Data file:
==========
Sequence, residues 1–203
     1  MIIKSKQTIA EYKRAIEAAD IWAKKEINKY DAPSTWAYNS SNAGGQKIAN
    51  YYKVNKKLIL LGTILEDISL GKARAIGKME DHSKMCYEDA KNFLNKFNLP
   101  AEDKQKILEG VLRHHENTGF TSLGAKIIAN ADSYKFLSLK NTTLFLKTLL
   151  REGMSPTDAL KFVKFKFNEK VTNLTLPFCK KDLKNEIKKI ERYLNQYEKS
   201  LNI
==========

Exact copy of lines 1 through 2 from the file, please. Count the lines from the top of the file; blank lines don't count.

Sequence, residues 1–203
     1  MIIKSKQTIA EYKRAIEAAD IWAKKEINKY DAPSTWAYNS SNAGGQKIAN